Among all the athletes, medals, and records, that we enthusiastically cheer for during the Olympic Games, we might forget some very important contributors to this event: The referees. They deserve tons of enthusiasm, because we ask them to do something even more superhuman than running the 100 meters in 9.6 seconds: They are supposed to make absolutely unbiased and impartial decisions.
It is common consensus in neurobiology, psychology, and nowadays even economics that humans are quite bad in this discipline. Most our decisions are heavily influenced by irrational and impartial factors. Long lists of known cognitive biases have been compiled and it would be a big surprise if referees could elude those biases.
Since referees’ decisions often have a big impact on the outcome of a sports event, studies with the aim of finding common referee biases have been conducted. M. Sutter and M. G. Kocher, for example, could confirm that German football referees significantly favor the home team. Obviously, it is difficult for an individual referee to make decisions, which a huge crowd disapproves of. L. C. Findlay and D. M. Ste-Marie investigated marks in figure skating, where a group of judges gives a ruling on the athletes’ performance. They could show a so-called reputation bias, i.e., the judges have the tendency to give better marks to athletes that they know in advance.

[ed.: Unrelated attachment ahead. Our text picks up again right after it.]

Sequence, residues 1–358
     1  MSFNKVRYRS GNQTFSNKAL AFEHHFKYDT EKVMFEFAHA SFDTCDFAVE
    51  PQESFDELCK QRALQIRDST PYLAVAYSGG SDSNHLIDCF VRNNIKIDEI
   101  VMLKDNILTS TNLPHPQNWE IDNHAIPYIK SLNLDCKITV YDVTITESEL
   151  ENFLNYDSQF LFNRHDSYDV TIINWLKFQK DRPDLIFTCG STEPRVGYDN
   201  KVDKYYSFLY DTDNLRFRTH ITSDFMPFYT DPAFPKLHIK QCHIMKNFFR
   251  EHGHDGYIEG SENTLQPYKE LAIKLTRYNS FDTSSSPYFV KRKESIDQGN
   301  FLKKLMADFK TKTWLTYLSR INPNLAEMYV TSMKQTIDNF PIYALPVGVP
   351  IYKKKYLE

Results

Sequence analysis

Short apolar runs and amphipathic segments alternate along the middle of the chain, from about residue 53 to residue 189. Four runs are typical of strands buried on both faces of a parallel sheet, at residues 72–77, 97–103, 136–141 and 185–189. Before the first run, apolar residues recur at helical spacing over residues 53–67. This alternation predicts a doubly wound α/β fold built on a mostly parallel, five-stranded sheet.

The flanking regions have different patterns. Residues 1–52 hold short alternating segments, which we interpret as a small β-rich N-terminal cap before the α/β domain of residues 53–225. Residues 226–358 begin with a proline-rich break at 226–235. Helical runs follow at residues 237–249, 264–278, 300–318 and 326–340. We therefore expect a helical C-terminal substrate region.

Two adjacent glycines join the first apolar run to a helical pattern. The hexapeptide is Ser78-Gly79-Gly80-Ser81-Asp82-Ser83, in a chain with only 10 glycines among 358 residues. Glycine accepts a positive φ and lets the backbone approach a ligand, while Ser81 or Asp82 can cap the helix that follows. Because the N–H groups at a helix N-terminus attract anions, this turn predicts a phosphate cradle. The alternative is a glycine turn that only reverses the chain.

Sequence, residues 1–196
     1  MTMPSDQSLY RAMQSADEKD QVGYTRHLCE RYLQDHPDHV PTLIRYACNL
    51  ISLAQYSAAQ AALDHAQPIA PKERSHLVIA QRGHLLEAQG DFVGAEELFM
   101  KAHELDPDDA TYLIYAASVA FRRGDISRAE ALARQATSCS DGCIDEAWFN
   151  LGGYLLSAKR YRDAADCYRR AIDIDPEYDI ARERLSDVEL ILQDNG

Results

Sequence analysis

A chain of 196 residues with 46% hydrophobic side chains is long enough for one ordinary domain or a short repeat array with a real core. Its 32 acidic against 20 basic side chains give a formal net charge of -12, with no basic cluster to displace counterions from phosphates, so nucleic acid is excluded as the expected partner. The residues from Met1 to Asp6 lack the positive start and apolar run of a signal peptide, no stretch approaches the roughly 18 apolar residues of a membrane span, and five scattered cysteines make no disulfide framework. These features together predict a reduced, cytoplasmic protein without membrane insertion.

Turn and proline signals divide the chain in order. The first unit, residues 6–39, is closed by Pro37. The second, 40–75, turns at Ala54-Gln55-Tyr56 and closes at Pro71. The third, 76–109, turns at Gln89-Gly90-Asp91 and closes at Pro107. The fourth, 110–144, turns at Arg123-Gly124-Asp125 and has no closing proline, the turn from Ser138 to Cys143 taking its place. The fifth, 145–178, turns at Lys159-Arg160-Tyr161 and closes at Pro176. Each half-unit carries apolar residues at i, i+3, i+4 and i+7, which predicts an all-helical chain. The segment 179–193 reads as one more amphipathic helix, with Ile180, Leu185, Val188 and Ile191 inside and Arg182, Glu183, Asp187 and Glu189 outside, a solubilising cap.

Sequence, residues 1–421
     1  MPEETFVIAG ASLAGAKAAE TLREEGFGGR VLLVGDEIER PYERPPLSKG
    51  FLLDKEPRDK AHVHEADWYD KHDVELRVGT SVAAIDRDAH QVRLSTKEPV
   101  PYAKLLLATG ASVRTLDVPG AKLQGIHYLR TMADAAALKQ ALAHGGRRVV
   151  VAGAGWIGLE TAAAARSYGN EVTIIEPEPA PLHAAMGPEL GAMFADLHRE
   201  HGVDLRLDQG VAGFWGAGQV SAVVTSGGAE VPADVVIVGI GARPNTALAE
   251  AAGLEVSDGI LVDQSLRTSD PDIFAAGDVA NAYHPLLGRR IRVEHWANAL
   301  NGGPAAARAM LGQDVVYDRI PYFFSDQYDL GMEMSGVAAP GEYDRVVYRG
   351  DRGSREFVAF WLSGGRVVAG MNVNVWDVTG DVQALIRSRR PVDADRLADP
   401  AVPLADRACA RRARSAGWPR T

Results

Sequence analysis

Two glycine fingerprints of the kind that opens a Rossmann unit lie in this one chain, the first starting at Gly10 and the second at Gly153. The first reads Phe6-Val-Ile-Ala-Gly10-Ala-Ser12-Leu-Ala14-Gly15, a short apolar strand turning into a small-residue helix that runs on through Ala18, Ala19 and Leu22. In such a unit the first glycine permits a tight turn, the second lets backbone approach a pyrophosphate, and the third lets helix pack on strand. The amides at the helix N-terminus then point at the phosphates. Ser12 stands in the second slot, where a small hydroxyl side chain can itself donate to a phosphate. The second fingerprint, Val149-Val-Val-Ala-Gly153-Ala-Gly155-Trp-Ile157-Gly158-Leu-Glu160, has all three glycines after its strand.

These are only two among many secured referee biases. To avoid them the setup plays an important role. Figure skaters, for instance, are evaluated by a group of judges with the hope that the biases level out. In some sports like field hockey and fencing instant video replay has been introduced as an aid in controversial decisions.
Investigations on referee biases do not only help to improve judging in sports events. They may also be important to economy, to be more exact to principal-agent theory, which is nowadays applied to a lot economic problems ranging from energy consumption to employment contracts. This theory focuses on the actions of two parties, the agent (e. g. the management of a company) and the principals (e. g. the shareholders of this company). The agent has more information than the principals and tries to convince the principals to act on his (or her) behalf. In this setup it is crucial to know how these two parties decide, which biases they are subject to and to which extent they are influenced by irrational factors. For example, the referee’s (=agent’s) home bias might shed light on favoritism exerted by managers if they are confronted with a disapproving crowd of shareholders.
 M. Sutter and M. G. Kocher, “Favoritism of agents – The case of referees’ home bias”, Journal of Economic Psychology, 25 (2004), 461-469
 L. C. Findlay and D. M. Ste-Marie, “A reputation bias in figure skating judging”, Journal of Sports Exercise & Psychology, 26 (2004), 154-166
— Leonie Mueck